‘For them the clock would never strike midnight, the dance and the music could never stop…’
The American Clock turns, fortunes are made and lives are broken. In New York City in 1929, the stock market crashed and everything changed.
In an American society governed by race and class, we meet the Baum family as they navigate the aftermath of an unprecedented financial crisis. The world pulses with a soundtrack fusing 1920s swing and jazz with a fiercely contemporary sound, creating a backdrop that spans a vast horizon from choking high rises to rural heartlands.
Visionary director Rachel Chavkin (Natasha, Pierre & the Great Comet of 1812, Hadestown) presents Arthur Miller’s ground-breaking play about hope, idealism and a nation’s unwavering faith in capitalism.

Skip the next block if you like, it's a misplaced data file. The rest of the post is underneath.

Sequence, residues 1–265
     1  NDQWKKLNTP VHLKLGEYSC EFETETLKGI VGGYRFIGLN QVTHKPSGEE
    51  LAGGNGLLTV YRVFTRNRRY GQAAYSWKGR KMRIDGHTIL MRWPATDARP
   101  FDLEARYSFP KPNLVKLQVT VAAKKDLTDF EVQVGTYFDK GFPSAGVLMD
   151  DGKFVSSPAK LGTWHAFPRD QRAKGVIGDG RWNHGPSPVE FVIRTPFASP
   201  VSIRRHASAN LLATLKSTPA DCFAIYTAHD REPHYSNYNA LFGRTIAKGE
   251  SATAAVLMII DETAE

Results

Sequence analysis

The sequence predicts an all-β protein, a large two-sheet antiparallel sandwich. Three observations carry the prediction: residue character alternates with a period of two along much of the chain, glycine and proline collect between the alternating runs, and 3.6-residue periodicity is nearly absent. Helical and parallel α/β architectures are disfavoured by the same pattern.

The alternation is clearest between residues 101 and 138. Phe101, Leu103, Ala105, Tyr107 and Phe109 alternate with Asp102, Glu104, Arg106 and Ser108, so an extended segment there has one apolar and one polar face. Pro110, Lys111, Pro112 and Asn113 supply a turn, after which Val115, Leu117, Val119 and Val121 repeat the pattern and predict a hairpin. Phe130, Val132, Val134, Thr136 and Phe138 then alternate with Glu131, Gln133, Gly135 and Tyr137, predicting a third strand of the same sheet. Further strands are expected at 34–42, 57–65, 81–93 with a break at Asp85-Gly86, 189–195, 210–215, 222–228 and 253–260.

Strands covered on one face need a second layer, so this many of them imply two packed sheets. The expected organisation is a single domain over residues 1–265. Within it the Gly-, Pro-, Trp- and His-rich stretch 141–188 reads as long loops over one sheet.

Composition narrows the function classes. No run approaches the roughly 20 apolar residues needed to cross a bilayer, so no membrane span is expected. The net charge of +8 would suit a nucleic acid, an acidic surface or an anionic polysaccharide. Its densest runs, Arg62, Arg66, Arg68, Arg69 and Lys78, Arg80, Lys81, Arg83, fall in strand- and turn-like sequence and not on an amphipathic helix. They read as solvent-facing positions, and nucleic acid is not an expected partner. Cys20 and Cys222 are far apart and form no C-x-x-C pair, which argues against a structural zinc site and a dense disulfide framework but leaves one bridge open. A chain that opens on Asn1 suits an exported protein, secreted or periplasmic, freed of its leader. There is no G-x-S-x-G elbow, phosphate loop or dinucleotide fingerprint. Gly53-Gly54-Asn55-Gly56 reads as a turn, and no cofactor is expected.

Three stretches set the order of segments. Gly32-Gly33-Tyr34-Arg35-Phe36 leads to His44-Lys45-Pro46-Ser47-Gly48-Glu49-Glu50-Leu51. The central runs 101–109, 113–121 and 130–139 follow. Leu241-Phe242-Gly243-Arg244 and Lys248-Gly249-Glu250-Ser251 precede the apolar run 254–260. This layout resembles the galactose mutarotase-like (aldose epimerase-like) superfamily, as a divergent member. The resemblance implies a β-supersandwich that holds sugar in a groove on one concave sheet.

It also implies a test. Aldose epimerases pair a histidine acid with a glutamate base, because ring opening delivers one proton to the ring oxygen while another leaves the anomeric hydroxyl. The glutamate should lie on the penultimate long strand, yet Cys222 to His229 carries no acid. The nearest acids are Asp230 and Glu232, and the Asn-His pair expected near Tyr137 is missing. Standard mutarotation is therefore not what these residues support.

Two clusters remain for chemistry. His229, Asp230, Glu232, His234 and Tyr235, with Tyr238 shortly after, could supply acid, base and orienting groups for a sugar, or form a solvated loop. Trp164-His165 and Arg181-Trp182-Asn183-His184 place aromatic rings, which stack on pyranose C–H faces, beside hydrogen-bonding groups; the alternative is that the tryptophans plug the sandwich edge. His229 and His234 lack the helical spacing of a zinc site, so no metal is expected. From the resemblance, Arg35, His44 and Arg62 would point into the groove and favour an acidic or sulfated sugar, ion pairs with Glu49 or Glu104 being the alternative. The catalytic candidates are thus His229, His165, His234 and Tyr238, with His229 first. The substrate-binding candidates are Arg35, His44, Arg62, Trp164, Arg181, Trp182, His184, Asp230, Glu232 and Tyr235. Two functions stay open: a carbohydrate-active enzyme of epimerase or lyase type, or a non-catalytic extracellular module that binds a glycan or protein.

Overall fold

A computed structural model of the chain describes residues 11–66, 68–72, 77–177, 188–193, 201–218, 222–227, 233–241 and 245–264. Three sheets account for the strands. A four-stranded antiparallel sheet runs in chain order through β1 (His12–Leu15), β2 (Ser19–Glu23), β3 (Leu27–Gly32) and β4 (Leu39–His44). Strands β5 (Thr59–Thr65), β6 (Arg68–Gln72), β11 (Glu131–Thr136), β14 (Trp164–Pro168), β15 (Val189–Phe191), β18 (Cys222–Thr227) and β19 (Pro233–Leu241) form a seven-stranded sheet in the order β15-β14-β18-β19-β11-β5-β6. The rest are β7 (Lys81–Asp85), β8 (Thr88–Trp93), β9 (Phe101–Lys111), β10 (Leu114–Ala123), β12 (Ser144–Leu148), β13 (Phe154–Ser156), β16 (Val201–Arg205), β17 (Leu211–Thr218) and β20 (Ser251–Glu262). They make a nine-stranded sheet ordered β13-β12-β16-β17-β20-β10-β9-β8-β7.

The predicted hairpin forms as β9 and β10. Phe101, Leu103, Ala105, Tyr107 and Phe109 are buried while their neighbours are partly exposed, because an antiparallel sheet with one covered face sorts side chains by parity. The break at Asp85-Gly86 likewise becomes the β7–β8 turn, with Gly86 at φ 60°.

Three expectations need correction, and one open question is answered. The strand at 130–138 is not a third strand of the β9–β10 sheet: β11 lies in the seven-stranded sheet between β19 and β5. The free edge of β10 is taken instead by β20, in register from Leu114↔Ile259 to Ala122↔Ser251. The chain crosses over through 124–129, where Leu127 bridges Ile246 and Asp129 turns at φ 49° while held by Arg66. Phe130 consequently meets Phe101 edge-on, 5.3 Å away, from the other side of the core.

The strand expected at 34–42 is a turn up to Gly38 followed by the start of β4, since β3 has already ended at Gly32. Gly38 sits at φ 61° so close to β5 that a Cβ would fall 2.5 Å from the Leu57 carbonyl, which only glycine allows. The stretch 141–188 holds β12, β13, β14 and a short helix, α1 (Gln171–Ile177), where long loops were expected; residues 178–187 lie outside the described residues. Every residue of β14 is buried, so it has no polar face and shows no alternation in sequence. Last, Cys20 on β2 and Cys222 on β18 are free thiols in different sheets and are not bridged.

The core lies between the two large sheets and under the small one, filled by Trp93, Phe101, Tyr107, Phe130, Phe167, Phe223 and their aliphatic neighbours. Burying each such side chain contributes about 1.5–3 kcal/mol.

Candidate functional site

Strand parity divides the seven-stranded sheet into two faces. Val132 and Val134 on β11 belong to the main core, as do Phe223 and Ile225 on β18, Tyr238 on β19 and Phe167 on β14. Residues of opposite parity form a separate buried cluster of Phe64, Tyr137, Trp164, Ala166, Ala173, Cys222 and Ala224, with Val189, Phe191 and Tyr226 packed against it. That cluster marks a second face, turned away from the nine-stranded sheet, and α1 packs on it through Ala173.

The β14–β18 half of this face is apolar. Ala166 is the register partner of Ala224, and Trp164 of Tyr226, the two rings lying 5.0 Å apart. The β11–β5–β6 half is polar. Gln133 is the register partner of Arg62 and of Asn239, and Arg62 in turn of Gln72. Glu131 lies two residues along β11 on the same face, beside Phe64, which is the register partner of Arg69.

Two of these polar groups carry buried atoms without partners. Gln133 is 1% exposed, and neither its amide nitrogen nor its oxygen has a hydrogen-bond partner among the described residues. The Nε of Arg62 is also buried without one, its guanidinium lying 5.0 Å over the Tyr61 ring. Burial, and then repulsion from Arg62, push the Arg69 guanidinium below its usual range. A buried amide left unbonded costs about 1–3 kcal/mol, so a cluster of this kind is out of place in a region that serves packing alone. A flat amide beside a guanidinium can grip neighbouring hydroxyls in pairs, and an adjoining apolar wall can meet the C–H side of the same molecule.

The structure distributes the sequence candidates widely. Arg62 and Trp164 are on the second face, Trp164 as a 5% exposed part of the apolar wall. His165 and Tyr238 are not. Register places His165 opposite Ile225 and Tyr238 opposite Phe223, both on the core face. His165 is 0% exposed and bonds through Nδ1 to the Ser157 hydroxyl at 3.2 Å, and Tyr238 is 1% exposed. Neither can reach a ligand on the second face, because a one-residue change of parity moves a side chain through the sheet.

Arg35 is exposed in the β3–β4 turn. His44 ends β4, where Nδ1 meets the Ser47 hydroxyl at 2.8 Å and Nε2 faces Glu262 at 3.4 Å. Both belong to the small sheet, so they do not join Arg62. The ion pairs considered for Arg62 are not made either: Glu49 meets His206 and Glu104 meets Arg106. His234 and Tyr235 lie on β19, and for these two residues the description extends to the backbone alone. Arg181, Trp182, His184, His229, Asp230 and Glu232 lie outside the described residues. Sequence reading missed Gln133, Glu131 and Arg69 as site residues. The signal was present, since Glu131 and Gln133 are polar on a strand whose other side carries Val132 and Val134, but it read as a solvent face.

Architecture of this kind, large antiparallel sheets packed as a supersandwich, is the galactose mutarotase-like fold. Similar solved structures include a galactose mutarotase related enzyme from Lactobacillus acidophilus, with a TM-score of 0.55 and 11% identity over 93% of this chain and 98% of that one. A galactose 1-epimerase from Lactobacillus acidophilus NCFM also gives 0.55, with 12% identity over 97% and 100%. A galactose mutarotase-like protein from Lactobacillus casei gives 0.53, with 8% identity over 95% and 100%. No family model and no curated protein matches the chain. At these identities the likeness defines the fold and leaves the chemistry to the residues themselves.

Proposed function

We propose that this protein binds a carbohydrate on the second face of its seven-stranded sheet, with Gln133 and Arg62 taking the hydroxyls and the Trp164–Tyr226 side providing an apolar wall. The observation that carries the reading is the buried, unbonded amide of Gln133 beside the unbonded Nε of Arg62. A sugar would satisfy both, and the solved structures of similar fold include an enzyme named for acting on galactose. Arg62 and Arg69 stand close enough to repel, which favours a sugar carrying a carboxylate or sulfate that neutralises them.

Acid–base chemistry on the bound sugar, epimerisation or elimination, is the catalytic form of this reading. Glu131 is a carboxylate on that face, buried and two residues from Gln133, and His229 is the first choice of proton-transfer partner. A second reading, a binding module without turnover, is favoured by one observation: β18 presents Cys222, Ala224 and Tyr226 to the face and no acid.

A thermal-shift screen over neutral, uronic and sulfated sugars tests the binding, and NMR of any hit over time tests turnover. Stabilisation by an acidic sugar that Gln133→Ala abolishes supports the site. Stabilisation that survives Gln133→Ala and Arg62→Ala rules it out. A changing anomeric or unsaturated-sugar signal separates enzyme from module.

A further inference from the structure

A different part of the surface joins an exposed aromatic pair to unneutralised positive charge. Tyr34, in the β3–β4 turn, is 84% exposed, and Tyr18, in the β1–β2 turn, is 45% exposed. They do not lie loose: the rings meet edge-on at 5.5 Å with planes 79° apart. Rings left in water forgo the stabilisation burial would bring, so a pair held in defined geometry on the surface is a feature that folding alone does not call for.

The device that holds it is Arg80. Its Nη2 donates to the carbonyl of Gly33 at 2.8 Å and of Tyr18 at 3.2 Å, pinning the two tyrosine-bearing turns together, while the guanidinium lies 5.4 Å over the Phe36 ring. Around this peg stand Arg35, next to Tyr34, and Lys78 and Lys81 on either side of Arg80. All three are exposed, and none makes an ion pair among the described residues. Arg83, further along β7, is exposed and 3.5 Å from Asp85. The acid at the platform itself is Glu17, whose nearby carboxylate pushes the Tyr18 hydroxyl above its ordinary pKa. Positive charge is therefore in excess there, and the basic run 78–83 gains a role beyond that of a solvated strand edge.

Bruising but overly busy revival of Arthur Miller’s lesser-known play about the Great Depression
This vaudeville about the Great Depression showcases Miller’s capacity to capture the state of a troubled nation
US director Rachel Chavkin revives Arthur Miller's powerful, flawed drama about the Great Depression
Depression tale shows how Miller can be great
Vivid performances can't solve Miller's sprawling and ponderous play
The major difficulties reside in Miller’s polemical text, which hammers home its points about the flaws of capitalism relentlessly
Some compelling scenes and many memorable images
An eerily up to-the-moment warning from history